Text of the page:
• Usuall...
Metal Stair (cont.)
Simple Reinforced 
Concrete Stairs 
Formwork 
Reinforcement
Metal stairs
Timber Spiral Stair
Precast Stairs – hoisting and assembling
Precast Stair
REFERENCES 
1) R.Barry,1992, The Construction of Building,Vol. 2, 5th ed, 
Blackwell Science Ltd. 
2) Frederick S. Merritt...
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Stairs

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Stairs

  1. 1. STAIRS 1
  2. 2. Stair 2 OVERVIEW • Introduction • Functional requirements • Basic elements of stairs • Type of stairs
  3. 3. Stair 3 INTRODUCTION What is vertical movement or vertical circulation? • Circulation is a movement of human and goods between interior spaces in the building to the entrance or exit. • Can be channeled through several types – passageway, corridor, stairs, ramps, etc. • Vertical circulation is movement of human and goods between stories of a building. • Classified into 2 classes; • Class 1 system – ramps, staircase, elevators, escalators. • Class 2 system – mainly not for human, e.g. dumbwaiters.
  4. 4. Stair 4 INTRODUCTION (cont.)
  5. 5. Stair 5 INTRODUCTION (cont.) STAIRS/STAIRWAY • A set of steps formed to make it possible to pass to another level on foot by putting one foot after the other on alternate steps to climb up or down the stair. • Stairs can be made of concrete, stone, wood, steel or combination of any of these.
  6. 6. Stair 6 INTRODUCTION (cont.) LADDER • A series of narrow horizontal steps fixed between two upright of wood or metal, on which a person usually climbs up or climbs down facing the ladder. • Usually fixed in an upright, near vertical position or more at a shallow slope for ease of use. Therefore, it only occupy the least floor area. • Not suitable for elderly and handicapped and as a mean of escape in case of fire. • Should only be used for access to loft conversion of one room, where there is not enough space for a stair, and that should be fixed in position and fitted with handrails both sides.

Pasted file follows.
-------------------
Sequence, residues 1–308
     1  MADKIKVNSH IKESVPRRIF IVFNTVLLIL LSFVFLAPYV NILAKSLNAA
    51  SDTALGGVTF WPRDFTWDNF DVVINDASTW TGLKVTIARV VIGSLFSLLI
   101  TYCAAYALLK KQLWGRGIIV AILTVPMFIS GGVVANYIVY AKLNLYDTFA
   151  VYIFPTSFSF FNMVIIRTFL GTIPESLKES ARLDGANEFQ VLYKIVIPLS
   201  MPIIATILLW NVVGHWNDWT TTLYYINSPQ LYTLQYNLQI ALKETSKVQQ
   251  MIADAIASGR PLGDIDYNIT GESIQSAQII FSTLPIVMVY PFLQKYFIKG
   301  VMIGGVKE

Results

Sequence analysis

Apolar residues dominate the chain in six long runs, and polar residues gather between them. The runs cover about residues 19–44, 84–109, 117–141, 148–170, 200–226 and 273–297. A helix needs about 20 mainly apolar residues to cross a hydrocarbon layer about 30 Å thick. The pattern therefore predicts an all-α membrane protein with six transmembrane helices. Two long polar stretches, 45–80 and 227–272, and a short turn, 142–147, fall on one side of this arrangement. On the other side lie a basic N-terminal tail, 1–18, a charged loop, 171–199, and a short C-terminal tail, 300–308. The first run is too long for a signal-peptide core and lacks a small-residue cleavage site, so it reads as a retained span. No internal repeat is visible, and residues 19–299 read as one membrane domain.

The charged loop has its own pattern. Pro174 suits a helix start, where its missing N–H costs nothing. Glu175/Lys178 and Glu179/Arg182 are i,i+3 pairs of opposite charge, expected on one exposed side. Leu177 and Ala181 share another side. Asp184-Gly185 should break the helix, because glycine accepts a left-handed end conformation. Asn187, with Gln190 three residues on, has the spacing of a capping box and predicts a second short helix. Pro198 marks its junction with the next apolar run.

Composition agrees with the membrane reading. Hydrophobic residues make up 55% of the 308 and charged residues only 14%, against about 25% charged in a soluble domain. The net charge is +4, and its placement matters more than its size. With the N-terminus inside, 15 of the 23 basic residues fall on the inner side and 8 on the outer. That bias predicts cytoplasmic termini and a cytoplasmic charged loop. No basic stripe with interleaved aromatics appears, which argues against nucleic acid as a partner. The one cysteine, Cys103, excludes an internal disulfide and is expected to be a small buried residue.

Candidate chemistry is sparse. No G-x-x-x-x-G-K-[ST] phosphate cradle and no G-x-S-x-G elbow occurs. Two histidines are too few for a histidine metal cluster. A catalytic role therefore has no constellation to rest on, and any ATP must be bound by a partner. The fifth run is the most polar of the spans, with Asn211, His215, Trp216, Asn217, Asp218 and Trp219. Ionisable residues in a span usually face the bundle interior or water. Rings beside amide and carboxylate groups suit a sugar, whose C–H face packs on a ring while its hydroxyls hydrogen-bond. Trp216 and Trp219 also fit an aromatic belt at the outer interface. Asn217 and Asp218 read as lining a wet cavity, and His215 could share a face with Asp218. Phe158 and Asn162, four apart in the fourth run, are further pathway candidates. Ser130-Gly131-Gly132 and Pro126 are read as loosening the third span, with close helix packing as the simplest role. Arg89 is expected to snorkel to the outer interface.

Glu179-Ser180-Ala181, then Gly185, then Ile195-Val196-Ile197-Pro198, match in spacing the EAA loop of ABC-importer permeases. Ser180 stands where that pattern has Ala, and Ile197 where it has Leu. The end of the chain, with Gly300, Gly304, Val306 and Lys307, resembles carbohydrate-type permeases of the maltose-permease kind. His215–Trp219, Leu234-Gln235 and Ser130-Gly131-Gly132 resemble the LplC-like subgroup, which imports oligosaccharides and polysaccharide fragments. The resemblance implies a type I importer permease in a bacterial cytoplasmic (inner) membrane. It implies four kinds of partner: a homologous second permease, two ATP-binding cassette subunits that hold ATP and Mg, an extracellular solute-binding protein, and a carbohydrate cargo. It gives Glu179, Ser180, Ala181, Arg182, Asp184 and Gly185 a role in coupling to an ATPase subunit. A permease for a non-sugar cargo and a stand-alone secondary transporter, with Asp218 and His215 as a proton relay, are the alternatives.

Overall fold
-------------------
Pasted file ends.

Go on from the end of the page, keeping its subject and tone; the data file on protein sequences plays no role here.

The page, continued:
7. 7. Stair 7 INTRODUCTION (cont.) STEPLADDER • A series of comparatively narrow, flat, horizontal steps, fixed between two vertical upright, which provide more comfortable and secure support for the foot than the slim. RAMP • A ramp is a surface, sloping uniformly as an inclined plane up and down which a person may pass on foot between levels. • Formed at a slope of at least 1:20. Thus, it occupies a considerable area, usually adjacent to a long, low building.
  8. 8. Stair 8 FUNCTIONAL REQUIREMENTS STRENGHT • Able to support for movement between floors, including dead and imposed load. SAFETY IN USE • Comply with the Building Regulation in determining the rise, thread, headroom and dimensions of the handrails and guarding. • Should be constructed of materials that are capable of maintaining strength and stability for a period of time sufficient to escape to the outside. FIRE SAFETY • The steps and the width should be adequate for the safe escape to the outside.
  9. 9. Stair 9 PRIMARY FUNCTIONS • Provide an access from one floor to another. • Provide a safe means of travel between floors. • Provide a degree of insulation where part of a separating element between compartments in a building. • Provide an easy mean of travel between floors. • Provide a suitable means of escape in case of fire. • Provide a mean of conveying fittings and furniture between floor levels.
  10. 10. Stair STAIR TERMINALOGY 10
  11. 11. Stair 11 STAIR TERMINALOGY STEPS • A series of horizontal open treads with a space between the treads with a space between the treads or as enclosed steps with a vertical face between the treads. • Tread – horizontal surface of a step • Riser – vertical surface or near vertical of a step
  12. 12. Stair 12 STAIR TERMINALOGY (cont.) FLIGHT • Uninterrupted series of steps between floor and landing, or between landing and landing. • A flight should have no fewer than 3 steps and no more than 16 risers. • The rise and tread in one flight and landings between floors should be equal. • The rise and tread should have the same size to avoid interruption in the rhythm of going up or down. • The dimension of the riser and thread will determine whether the stair is steep or shallow.